Expenditure on endangered species management is increasing greatly, on a global basis. Managers need tools to evaluate the performance of endangered species programmes because there will always be more demand for resources than there are available. Cost Effectiveness Analysis (CEA) is used here to evaluate the performance of the kokako (Callaeas cinerea) recovery programme. This species is being managed at a number of sites in New Zealand and analysis shows a large variation in costs and effectiveness between these sites.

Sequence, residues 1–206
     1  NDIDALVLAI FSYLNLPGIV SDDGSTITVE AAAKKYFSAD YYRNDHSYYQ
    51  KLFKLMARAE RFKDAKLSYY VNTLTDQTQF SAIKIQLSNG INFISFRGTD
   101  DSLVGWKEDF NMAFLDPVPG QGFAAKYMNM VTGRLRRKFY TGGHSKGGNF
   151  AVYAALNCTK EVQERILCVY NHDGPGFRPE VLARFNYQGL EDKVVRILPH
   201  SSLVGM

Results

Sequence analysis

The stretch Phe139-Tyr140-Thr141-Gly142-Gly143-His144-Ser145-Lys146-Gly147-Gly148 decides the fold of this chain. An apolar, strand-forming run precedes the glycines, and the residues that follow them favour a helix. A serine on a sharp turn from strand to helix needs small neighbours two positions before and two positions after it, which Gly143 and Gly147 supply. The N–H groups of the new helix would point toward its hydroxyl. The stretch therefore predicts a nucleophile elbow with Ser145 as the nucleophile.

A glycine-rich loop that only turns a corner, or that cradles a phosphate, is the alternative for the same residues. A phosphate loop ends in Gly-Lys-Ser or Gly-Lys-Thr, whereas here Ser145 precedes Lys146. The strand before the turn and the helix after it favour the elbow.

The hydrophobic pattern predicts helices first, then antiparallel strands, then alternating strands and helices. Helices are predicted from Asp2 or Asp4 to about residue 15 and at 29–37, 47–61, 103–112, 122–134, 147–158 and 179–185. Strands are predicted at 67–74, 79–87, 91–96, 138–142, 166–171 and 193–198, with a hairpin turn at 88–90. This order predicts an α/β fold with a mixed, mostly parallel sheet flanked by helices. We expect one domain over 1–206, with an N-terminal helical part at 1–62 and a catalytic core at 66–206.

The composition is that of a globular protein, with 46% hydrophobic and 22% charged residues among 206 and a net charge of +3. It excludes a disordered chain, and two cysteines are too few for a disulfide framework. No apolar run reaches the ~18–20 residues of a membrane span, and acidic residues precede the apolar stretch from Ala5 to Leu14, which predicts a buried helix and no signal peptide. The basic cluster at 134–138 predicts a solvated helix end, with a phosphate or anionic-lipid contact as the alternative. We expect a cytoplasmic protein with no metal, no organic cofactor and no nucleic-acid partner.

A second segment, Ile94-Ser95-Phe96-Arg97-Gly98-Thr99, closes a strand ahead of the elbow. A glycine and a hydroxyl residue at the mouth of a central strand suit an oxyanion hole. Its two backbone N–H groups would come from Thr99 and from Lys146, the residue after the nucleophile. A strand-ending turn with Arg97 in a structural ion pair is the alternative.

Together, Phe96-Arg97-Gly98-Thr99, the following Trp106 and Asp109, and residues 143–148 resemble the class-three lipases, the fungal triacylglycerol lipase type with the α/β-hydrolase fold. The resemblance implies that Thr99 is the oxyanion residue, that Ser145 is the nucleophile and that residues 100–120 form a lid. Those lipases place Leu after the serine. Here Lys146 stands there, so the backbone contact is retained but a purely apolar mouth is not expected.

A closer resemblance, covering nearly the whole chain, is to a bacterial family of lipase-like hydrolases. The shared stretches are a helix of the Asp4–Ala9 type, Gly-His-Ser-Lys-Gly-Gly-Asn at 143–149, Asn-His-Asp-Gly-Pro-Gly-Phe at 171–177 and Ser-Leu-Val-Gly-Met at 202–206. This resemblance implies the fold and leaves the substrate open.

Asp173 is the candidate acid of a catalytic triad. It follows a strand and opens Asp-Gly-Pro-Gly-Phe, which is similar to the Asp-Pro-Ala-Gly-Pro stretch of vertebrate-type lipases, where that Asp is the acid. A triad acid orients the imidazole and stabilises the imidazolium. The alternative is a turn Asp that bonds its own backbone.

Predator-free offshore islands play an important role in the conservation of many of New Zealand's endemic species. Takahe (Porphyrio mantelli) have small populations established on four offshore islands and although hatching success is lower than that of the wild mainland population in Fiordland, juvenile and adult survival is high and populations are growing exponentially. Accurate estimates of home range size and potential carrying capacities are therefore essential for the future management of the population as a whole.